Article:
They say that moving home is the 3rd most stressful event we will ever face in our lives. However, come December 23rd, many of us will have superseded this level and some. Whether it’s last minute presents, last years’ wrapping paper or that pitiful last turkey on the shelf, we all need help coping with a Christmas crisis.

Managing stress doesn’t have to involve floating in a bath of warm ink whilst summoning up a happy place. There are tried and tested methods that with the right approach can bring stress levels back to manageable. The stress inducers at Christmas tend to be quite shy over the rest of the year, but with the intensity and pressure the festive season brings, this few weeks can feel like a decade of pain.

Stress can cause major health problems both physically and emotionally, so it’s important to identify, confront and tackle it.

Start With Shopping

Over a third of people will take a sneaky day off work to tick off the items on that Christmas list. If, however, this isn’t possible then get online and snap up those Christmas bargains. With a whole host of comparison sites, voucher codes and neverending sales, your Christmas presents may just be wallet as well as shoe leather friendly.

Refereeing Rowdy Relatives

It’s inevitable that bringing together families, who may spend a lot of the year apart, will have it’s ups and downs but there are ways of managing this. Keeping Aunty Mabel away from the sherry isn’t always possible, but offering a well stocked bar to warring relatives prone to topple after a tipple or two, isn’t advisable either. Keeping the flow of booze staggered may just prevent the guests following suit. Drinking whilst eating and chatting is sensible and if needed, hide that booze!

Preparation, Preparation, Preparation

A lot of stress is derived from the fear of feeling out of control in a situation. As the days to Christmas get closer our feelings of ineptitude increase, causing stress to spiral out of control. For people already suffering from anxiety, coping with a Christmas crisis can seem utterly overwhelming.

The Priory encourage people to be prepared:

Allow yourself to take ‘time out’ if you find your stress levels rising. This could be a walk, going out for a coffee or listening to music – whatever will help you to relax or unwind. Saying ‘no’ can be difficult if you feel pressured to join in with family parties, however setting limits is important for your own wellbeing. Sometimes having a ‘script’ can be helpful -for example: ‘That sounds like a lot of fun, but I’m quite tired/not feeling 100% and would prefer to get an early night.’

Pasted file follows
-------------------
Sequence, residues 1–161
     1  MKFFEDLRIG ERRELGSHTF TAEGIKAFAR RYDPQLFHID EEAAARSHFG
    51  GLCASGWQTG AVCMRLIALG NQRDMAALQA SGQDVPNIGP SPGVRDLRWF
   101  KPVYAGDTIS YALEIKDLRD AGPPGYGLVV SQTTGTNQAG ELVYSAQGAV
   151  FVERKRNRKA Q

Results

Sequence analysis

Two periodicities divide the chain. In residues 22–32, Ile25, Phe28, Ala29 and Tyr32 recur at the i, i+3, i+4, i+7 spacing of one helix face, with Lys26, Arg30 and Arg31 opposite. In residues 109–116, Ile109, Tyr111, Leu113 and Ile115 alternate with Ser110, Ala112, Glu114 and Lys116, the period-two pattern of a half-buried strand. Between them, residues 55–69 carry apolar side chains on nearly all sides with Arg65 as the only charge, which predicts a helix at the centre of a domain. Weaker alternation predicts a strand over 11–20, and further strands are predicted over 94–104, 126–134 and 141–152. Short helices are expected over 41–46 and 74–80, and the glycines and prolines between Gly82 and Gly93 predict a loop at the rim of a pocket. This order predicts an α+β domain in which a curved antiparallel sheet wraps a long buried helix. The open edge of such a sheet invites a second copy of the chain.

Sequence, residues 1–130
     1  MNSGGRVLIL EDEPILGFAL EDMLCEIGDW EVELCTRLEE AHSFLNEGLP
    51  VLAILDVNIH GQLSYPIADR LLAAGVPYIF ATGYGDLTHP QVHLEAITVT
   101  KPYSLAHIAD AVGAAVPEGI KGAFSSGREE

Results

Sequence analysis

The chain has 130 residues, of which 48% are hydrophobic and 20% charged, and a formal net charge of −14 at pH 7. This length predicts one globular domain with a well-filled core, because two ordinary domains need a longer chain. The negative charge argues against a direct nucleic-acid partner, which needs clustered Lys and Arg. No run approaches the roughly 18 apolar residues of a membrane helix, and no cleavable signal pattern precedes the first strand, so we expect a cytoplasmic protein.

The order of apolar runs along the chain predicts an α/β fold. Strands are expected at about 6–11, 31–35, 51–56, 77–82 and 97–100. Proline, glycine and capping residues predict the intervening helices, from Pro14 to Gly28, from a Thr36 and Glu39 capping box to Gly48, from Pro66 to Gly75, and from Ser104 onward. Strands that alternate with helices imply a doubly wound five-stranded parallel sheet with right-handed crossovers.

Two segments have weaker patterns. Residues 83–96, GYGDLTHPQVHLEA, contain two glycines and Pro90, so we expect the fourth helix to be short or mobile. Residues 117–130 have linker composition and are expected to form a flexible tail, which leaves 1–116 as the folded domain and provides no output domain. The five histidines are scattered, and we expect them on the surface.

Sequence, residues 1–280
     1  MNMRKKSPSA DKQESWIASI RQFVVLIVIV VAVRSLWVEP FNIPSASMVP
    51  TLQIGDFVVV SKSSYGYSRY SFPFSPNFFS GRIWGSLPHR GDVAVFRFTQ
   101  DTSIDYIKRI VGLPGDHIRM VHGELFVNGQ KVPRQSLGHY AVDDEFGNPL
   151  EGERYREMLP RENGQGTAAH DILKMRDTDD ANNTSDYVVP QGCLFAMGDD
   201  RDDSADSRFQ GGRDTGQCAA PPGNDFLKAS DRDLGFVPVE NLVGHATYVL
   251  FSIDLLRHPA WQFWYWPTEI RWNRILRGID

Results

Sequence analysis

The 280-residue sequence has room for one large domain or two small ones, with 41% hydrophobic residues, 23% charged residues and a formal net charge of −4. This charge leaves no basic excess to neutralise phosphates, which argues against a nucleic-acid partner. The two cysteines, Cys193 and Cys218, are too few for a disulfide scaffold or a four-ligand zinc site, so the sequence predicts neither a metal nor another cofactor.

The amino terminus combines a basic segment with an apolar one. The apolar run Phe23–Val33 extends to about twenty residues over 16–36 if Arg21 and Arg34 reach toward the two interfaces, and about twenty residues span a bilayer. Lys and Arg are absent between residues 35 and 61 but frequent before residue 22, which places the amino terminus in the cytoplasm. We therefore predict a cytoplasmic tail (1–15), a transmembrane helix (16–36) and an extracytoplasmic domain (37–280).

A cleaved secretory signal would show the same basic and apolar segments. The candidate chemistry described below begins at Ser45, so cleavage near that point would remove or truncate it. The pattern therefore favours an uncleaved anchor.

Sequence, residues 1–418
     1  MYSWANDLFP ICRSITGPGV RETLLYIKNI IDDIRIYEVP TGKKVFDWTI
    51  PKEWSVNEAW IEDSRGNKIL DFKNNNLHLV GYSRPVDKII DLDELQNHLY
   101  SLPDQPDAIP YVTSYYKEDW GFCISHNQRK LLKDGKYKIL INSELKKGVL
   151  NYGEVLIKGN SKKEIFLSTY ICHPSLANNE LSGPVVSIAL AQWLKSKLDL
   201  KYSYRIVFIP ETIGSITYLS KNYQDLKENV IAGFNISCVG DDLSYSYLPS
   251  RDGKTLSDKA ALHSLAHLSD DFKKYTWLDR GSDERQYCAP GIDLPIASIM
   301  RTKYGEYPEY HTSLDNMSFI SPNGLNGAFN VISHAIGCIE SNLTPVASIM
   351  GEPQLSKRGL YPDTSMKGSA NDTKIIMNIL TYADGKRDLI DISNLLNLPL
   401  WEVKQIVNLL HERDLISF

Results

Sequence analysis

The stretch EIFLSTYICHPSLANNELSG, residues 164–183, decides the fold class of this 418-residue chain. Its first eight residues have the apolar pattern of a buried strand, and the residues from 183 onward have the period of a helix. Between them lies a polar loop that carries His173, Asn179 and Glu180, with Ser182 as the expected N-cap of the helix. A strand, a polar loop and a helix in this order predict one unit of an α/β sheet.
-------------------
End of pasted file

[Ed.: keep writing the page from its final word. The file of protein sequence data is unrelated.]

Know Your Limits

Rather than freaking out about all the things that could go drastically wrong, it’s more productive to prepare for that scenario, and take steps to prevent the escalating stress associated with it. In my book A Stress free Christmas, there are plenty of stress prevention techniques which have been used and proven by the forward thinkers and top achievers in the world today.

a stress free christmas book title

The key word here is prevention! Coping with a Christmas crisis IS achievable if you take steps to cope with the related stress. Keep these tips in mind:

  • Keep your expectations realistic
  • Don’t compare with others
  • Don’t be afraid to ask for help
  • Don’t sweat the small stuff
  • Don’t assume the worst

 

If, after all the preparation and stress busting recitation the dog still steals the pigs in blankets, Aunty Mabel falls asleep in her dinner and you just can’t take another round of Fa la la la la – remember it’s only once a year!!

For more tips and ideas to combat stress visit my site- davidhyner.com
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